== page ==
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 editorial

NY Post’s subway death photo sparks anger, raises issues

THE HAUNTING photograph of Manhattan subway passenger Ki-Suck Han, taken moments before he was run over and killed by a train, is already burned into the memories of millions of people, and not just New Yorkers. It has also spawned a torrent of discussion, across TV, radio, and the Internet, about the New York Post’s decision to publish it on the newspaper’s cover, with a sensational headline (“Doomed”) that seemed to emphasize voyeurism over any conceivable news value.

The Post’s exploitative handling of the photo is the one truly objectionable aspect of the affair: Whether or not the photo served a useful function, it shouldn’t have been displayed in the way the Post did. But the other questions raised by the photo — such as whether the photographer should have dropped his camera and attempted to rescue the man, and why no one else on the platform did so — defy easy answers. They suggest that however painful and objectionable the whole affair may be, especially to the dead man’s family, the photo served to bring important issues to the forefront of debate.

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Han ended up on the tracks near Times Square following a confrontation with Naeem Davis, a 30-year-old homeless man who, authorities say, pushed Han in the way of an oncoming train. A freelance photographer, R. Umar Abbasi, happened to be on the platform, and snapped photos of the train bearing down on Han. Since the Post published one of Abbasi’s pictures, many readers have understandably expressed concerns that the photographer didn’t run toward the tracks and attempt a rescue.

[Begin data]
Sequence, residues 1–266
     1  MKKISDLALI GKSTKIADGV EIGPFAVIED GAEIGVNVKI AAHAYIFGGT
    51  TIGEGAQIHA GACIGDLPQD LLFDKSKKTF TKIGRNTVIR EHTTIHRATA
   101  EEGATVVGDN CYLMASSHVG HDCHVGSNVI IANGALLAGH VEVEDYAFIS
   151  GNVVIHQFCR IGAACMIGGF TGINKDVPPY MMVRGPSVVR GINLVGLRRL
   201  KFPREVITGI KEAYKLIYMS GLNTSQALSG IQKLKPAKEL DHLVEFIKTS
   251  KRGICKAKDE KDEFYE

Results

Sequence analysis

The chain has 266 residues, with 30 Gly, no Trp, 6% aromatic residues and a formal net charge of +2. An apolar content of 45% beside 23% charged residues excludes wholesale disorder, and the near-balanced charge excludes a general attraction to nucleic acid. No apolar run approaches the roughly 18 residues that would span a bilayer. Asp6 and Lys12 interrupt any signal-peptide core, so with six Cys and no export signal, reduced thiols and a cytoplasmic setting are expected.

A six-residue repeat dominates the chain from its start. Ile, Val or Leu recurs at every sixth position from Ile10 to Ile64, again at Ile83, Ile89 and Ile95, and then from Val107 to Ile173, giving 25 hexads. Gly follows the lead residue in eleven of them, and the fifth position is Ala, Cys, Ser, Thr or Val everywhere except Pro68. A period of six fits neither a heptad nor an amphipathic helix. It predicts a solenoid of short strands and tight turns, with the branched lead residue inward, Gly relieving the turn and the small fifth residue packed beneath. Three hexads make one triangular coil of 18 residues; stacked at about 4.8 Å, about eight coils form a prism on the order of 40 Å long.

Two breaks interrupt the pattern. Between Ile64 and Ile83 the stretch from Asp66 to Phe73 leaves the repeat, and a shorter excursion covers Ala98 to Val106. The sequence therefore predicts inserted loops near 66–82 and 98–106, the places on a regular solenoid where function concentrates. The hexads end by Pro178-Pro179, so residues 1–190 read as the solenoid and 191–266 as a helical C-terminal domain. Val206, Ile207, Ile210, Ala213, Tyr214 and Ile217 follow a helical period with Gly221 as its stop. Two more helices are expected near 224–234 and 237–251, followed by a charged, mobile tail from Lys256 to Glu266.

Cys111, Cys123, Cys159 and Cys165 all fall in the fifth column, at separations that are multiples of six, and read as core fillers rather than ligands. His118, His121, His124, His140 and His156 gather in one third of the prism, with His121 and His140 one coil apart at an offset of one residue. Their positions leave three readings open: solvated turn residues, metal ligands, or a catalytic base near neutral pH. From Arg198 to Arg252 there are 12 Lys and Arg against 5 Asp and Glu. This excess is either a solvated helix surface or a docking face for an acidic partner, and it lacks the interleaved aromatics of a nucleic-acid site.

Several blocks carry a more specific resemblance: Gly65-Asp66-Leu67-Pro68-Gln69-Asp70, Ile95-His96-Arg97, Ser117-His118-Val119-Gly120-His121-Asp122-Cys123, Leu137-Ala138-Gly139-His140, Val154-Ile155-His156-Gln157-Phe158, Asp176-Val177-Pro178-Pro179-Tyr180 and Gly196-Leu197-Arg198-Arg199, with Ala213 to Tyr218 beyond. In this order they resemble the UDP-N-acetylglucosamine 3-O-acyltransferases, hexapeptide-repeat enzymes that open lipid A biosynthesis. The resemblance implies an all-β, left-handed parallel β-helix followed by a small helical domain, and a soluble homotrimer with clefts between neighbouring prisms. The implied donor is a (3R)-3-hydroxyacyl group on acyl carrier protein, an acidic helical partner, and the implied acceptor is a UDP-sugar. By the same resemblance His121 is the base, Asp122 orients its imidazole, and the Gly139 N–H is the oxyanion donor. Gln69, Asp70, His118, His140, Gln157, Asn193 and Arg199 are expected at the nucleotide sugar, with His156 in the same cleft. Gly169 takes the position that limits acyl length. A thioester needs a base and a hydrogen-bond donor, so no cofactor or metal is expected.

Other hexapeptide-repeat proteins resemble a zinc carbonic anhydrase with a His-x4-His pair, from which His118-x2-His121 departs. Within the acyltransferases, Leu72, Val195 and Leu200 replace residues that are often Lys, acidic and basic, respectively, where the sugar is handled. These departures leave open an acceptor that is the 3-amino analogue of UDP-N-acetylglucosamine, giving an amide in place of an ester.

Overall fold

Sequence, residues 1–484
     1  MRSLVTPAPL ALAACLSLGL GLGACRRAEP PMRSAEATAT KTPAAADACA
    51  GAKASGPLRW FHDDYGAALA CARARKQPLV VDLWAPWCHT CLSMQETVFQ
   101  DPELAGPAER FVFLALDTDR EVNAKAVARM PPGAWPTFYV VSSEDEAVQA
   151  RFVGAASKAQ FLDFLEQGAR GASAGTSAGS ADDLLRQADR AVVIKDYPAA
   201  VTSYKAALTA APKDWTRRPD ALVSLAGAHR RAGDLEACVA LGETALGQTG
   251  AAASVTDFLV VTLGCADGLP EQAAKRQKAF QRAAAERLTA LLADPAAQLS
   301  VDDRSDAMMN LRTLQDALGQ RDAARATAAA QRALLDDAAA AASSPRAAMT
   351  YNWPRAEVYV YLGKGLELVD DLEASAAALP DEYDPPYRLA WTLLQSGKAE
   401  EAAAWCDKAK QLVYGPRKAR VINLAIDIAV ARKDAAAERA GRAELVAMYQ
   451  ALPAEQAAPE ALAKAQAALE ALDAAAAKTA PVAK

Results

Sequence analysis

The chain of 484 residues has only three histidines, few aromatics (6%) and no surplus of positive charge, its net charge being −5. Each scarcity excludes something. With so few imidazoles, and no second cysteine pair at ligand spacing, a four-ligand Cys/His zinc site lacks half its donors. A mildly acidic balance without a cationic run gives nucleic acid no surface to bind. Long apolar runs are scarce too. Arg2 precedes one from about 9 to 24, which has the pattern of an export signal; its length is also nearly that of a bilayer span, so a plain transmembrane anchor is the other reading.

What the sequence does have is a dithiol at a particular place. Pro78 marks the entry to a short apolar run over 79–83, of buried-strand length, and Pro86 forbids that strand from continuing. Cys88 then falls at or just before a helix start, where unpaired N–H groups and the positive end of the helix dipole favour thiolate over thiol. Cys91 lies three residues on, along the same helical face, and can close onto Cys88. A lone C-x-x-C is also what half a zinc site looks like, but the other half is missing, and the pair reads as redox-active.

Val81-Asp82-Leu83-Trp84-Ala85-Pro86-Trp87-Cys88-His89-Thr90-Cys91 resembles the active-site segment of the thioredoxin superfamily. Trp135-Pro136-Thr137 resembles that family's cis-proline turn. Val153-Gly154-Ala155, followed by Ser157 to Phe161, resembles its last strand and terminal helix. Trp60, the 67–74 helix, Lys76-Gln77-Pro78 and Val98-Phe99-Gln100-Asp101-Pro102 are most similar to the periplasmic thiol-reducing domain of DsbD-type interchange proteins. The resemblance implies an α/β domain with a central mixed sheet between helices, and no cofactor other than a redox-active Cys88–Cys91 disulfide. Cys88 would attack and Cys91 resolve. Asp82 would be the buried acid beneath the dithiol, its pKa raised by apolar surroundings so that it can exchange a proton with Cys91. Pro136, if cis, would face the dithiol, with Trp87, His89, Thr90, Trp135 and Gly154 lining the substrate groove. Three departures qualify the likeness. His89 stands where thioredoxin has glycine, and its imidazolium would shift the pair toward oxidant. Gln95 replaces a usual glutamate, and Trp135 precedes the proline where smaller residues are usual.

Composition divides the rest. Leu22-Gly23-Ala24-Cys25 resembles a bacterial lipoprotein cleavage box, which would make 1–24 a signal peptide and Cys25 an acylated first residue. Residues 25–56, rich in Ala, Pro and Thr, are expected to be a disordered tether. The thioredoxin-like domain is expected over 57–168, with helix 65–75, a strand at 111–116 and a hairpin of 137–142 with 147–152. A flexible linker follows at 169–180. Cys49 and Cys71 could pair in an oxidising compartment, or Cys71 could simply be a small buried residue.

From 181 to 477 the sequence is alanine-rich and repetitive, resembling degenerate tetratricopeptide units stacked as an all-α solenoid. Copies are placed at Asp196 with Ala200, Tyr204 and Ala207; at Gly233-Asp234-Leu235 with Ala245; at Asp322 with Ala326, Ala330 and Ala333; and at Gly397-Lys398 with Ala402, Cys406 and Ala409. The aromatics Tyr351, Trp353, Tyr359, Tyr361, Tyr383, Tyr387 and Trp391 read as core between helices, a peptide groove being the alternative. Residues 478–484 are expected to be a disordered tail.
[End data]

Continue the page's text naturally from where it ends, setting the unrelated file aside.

As more details emerge, those concerns seem less applicable. The incident unfolded quickly, as a train entered the station, and with Han’s assailant still a menacing presence on the platform; Abbasi says he was too far away to reach Han before the train, even if Davis were not there. None of the other passengers on the platform helped Han, either. Many had moved away from Han and Davis to avoid the initial altercation.

What should the passengers have done? What are the responsibilities of bystanders? Those are not simple questions. Hopefully, some of the thousands of people taking to the airwaves or keyboards to express outrage over Abbasi or, more reasonably, the Post are figuring out what they would or could do if they ever encounter someone who has fallen on the tracks. And transit authorities, including the MBTA, should use the occasion to educate people about how to rescue a passenger who has fallen to the tracks without endangering themselves.

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